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Discussion Starter #1 (Edited)
I've got some Santa FE cars, one which needs it's couplers changed because it doesn't couple. I've been searching the Kadee site and see I need #22, 32 or 142 which are medium overset shanks. I'm leaning towards the #142 which is a whisker shank.
I couldn't find info on there site, so I'm hoping someone here can help. What's the difference between these series 20, 30, 140? Is it design, materials or what?

Thanks.
 

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In addition to your coupler purchase be sure
to order a Kadee coupler alignment tool...get the
plastic version that you can use on a 'live' track.
I prefer the Kadee 'whisker' centering spring versions. Much
easier to install.

Don
 

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"Fluctuating coupler height"

I've got some Santa FE cars, one which needs it's couplers changed because it doesn't couple. I've been searching the Kadee site and see I need #22, 32 or 142 which are medium overset shanks. I'm leaning towards the #142 which is a whisker shank.
I couldn't find info on there site, so I'm hoping someone here can help. What's the difference between these series 20, 30, 140? Is it design, materials or what?

Thanks.
MikeB;

Others can advise you on the best Kadee coupler for your situation, but there is another potential problem that I see in your photos. Those long arms, sticking out from the trucks, that hold the couplers. They are free to move enough vertically to get the two mating couplers out of vertical alignment with each other. No matter how well matched the couplers are to the Kadee gage Don recommended, if they can bounce up and down, they may uncouple. Have you ever had this happen? Maybe on turnouts? Of course if you have perfectly flat track, maybe you have never had any unwanted uncouplings.

If you have had them, there are two remedies I can think of. Which one will work best depends on how sharp the curves on your layout are. If you have broad curves say, 24" radius or larger, then you could body-mount the couplers on your passenger cars. If you are using 18" or 22" radius curves, you may be better off keeping the couplers mounted on the trucks, as they are now. You can limit the vertical play of the "talgo truck's coupler mounting arm by adding a piece of stiff music wire bent into the shape of a large staple. One slightly above the swing area of the arm and another just above. These wires will prevent the arm from moving as much vertically but will still allow it to swing horizontally.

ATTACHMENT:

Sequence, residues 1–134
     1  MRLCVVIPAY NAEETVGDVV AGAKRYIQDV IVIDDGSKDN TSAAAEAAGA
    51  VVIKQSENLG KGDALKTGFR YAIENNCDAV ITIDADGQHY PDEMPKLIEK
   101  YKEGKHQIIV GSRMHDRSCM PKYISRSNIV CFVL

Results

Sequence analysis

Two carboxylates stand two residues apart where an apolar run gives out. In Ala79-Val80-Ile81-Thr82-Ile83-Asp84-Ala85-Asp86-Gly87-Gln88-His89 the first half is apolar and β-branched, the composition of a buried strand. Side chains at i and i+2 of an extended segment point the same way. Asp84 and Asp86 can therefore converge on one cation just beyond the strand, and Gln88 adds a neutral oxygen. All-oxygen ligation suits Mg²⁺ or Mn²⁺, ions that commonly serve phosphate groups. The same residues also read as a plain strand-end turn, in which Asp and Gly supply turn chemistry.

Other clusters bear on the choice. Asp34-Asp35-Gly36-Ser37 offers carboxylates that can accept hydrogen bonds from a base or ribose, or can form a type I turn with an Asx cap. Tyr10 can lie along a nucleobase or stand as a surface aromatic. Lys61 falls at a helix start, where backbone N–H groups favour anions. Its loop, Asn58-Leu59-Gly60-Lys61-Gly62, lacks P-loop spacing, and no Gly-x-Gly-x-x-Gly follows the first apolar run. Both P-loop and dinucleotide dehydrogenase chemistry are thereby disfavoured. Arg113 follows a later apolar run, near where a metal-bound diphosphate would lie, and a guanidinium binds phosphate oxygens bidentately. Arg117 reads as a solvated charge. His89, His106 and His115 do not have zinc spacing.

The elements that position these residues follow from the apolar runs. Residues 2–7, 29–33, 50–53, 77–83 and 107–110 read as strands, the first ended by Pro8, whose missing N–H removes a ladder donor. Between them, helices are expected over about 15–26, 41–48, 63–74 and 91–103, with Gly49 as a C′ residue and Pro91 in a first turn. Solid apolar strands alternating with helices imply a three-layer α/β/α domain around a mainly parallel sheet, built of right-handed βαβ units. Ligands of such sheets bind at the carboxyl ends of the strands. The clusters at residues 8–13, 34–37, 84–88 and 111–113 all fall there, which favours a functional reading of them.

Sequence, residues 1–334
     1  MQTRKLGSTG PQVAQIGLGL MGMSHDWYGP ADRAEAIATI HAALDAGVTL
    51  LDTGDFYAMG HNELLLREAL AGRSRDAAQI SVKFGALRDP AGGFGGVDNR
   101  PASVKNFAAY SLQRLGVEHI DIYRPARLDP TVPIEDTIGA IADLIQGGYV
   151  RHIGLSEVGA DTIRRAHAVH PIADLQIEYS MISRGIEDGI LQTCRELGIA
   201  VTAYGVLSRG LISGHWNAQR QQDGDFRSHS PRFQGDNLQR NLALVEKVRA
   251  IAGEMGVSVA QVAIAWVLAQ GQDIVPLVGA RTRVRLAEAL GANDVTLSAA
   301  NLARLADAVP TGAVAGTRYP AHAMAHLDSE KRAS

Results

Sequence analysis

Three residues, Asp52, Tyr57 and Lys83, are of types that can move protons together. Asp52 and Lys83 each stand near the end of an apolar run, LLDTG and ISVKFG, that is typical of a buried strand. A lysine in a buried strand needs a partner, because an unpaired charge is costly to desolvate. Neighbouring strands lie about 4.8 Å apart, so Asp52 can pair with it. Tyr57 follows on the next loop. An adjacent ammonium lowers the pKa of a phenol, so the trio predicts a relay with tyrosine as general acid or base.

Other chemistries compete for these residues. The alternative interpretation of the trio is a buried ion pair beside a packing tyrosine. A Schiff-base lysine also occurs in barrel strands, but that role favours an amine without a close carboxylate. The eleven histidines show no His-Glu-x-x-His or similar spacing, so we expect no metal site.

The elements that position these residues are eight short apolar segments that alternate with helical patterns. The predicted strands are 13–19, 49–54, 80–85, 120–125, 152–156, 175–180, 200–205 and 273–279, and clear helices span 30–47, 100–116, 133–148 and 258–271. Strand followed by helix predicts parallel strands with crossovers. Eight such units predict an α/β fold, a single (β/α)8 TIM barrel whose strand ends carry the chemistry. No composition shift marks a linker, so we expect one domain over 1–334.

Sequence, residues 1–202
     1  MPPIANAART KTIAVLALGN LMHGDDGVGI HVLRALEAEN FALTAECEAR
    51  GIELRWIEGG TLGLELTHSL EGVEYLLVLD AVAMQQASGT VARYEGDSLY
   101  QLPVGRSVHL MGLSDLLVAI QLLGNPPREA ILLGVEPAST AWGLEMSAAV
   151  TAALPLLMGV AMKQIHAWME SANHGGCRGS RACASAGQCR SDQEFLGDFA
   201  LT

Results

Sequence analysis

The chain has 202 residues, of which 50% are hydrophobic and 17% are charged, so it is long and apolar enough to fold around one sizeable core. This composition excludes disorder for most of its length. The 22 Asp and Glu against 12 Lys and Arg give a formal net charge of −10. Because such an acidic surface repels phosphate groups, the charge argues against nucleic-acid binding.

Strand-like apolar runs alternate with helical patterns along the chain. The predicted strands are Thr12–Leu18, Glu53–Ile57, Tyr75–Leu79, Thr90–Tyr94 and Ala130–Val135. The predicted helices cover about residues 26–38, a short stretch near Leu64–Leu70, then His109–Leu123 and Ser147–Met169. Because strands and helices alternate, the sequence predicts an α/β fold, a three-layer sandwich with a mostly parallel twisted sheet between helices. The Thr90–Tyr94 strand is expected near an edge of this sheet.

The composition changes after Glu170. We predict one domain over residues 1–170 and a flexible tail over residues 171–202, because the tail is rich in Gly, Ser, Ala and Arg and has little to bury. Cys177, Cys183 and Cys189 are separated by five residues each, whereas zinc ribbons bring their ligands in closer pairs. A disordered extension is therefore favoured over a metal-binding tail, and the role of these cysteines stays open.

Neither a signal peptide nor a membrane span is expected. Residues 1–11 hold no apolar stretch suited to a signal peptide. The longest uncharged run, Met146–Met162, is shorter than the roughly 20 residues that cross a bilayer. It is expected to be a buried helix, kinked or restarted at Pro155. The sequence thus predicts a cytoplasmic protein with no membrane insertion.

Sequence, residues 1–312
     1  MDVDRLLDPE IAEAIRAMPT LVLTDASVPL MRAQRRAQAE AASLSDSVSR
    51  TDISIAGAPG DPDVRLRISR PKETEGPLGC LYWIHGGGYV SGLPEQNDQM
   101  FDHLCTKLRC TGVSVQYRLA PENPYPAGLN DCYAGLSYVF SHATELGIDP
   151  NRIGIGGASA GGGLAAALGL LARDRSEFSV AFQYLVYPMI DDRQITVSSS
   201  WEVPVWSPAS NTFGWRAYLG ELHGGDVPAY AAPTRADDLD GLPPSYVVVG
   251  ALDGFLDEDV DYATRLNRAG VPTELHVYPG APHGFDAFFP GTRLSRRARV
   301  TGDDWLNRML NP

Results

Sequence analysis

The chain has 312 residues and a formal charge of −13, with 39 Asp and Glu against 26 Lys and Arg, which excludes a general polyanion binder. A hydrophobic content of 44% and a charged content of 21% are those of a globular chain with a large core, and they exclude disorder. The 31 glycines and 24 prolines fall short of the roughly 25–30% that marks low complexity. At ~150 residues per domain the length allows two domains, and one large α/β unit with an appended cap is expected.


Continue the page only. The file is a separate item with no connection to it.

Traction Fan
 

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Discussion Starter #5
Right from the website. Very bottom 5,9,58 series all metal.
https://www.kadee.com/images/large/chart_LRG.jpg
Thanks, I must have missed that.

In addition to your coupler purchase be sure
to order a Kadee coupler alignment tool...get the
plastic version that you can use on a 'live' track.
I prefer the Kadee 'whisker' centering spring versions. Much
easier to install.

Don
I will order one, has I have a few other cars that will eventually get changed.

MikeB;

Others can advise you on the best Kadee coupler for your situation, but there is another potential problem that I see in your photos. Those long arms, sticking out from the trucks, that hold the couplers. They are free to move enough vertically to get the two mating couplers out of vertical alignment with each other. No matter how well matched the couplers are to the Kadee gage Don recommended, if they can bounce up and down, they may uncouple. Have you ever had this happen? Maybe on turnouts? Of course if you have perfectly flat track, maybe you have never had any unwanted uncouplings.

If you have had them, there are two remedies I can think of. Which one will work best depends on how sharp the curves on your layout are. If you have broad curves say, 24" radius or larger, then you could body-mount the couplers on your passenger cars. If you are using 18" or 22" radius curves, you may be better off keeping the couplers mounted on the trucks, as they are now. You can limit the vertical play of the "talgo truck's coupler mounting arm by adding a piece of stiff music wire bent into the shape of a large staple. One slightly above the swing area of the arm and another just above. These wires will prevent the arm from moving as much vertically but will still allow it to swing horizontally.

Traction Fan
I see what you mean about the vertical movement. This car always uncouples when going up an incline. All my curves are either 18" or 22", so I'll keep the truck mounted couplers. That is another reason I'm going to get a little longer coupler, than the short ones on the car now. The long passenger cars look unnatural going around them, but they were given to me as a gift.